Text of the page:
Cell Phones, VoIP, and 9-1-1

The 911 system was developed during the last 25 years of the 20th century, and it was designed around land lines. Cell phones and IP phone services have given thousands of people new and better access to public safety services, but they also bring new challenges to the 911 infrastructure and to responders.

Accidental Calls

At last estimate, more than 30% of the 911 calls from wireless phones were "pocket dials." At a minimum of 1-2 minutes per call, these accidental calls take up hours of time that could be spent responding to real emergencies. Since we err on the side of sending too much help, accidental calls can also take responder resources.

What You Can Do

Consumers can assist in efforts to eliminate the accidental call problem by following these simple steps:

  • Use your keypad lock feature.
  • Refrain from programming your wireless phone to speed or automatically dial 911.

Location Challenges

"Can’t you just ping my phone?" Maybe. We’ll certainly try if we need to, but GPS location takes valuable time and isn’t always possible. If your call taker keeps pressing you to find a street sign or a house number, this is why.

We can also try to find you by triangulation if your cell phone is in contact with more than one cell tower, or by getting your approximate direction and distance from a cell tower if your cell phone is only in contact with one cell tower. If you’re in a remote location or even in a building where your phone’s GPS doesn’t work, it can be quite difficult or impossible to narrow down your phone’s location to a reasonably-sized area.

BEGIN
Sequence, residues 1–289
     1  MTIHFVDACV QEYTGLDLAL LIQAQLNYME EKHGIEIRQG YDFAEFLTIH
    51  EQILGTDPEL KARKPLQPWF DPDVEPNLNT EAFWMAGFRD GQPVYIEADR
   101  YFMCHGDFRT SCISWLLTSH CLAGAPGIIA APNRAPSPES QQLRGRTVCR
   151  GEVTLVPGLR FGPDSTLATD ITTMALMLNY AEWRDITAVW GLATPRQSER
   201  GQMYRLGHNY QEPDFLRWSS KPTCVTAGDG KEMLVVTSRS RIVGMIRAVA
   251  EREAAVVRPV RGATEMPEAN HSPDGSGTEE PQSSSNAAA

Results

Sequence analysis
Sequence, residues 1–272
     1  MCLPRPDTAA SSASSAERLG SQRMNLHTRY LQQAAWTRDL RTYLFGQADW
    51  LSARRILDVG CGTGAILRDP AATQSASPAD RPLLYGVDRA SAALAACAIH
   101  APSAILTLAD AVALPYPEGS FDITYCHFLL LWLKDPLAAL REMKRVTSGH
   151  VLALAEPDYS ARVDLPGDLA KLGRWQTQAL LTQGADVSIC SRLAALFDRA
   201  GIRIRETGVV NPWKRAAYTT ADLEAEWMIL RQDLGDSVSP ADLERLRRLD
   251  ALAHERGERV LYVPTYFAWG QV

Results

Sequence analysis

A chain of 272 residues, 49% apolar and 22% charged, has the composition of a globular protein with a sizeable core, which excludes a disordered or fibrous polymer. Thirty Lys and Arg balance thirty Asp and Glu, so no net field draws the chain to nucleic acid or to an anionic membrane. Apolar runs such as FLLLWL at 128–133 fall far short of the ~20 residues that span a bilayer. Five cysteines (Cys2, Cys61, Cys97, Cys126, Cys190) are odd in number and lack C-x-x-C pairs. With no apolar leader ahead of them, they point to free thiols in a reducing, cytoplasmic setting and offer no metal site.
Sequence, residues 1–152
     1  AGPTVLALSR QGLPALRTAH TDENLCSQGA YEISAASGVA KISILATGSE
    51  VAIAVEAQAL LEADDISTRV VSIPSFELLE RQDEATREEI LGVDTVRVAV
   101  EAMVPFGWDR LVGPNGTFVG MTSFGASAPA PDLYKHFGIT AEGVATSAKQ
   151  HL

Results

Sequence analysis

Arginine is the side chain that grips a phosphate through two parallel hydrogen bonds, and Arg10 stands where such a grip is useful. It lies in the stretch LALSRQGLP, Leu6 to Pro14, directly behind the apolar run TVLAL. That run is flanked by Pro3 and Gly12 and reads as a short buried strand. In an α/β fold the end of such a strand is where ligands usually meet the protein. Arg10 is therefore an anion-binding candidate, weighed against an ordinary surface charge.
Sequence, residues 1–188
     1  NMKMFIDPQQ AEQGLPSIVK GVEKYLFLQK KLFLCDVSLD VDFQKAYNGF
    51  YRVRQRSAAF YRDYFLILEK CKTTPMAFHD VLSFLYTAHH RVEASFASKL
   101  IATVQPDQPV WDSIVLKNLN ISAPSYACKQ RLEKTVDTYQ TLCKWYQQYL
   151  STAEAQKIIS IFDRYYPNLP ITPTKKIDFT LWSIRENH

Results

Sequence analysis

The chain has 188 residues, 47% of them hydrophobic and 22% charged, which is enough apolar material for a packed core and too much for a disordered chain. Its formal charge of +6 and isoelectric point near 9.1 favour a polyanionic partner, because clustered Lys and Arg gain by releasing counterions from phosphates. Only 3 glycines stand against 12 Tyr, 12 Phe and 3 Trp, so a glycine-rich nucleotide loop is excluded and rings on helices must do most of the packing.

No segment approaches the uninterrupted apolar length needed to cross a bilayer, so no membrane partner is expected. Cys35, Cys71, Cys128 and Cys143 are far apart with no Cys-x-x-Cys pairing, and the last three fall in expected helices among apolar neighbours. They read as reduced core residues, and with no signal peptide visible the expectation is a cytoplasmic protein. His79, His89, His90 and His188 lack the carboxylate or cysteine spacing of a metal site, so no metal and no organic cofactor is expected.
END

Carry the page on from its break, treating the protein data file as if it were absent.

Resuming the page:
Special problems with Internet-based (VoIP) phone services

Many popular phone service providers use internet-based routing for phone calls, including T-Mobile, Comcast/Xfinity,Vonage, Clearwire, and many others. The FCC has identified several issues with using VOIP phones to access emergency services, including emergency calls sometimes being routed to the wrong 911 center if the subscriber moves or is travelling. You can read the FCC’s summary of potential VoIP issues as they relate to 911 service here.

Emergency Notifications and CENS

In circumstances where the public is at risk, such as a hazardous materials incident or a natural disaster, the 9-1-1 Center is responsible for sending out community alerts to all affected citizens. The system is called "Reverse 9-1-1," or CENS, for Community Emergency Notification System. 

These alerts will direct citizens as to the ways they can best stay safe, such as evacuating from a fire or flood, or staying inside and avoiding windows if there is an armed subject in the neighborhood.  These calls are location-based, and will not be sent to mobile phones unless you sign up for them, which you can do here.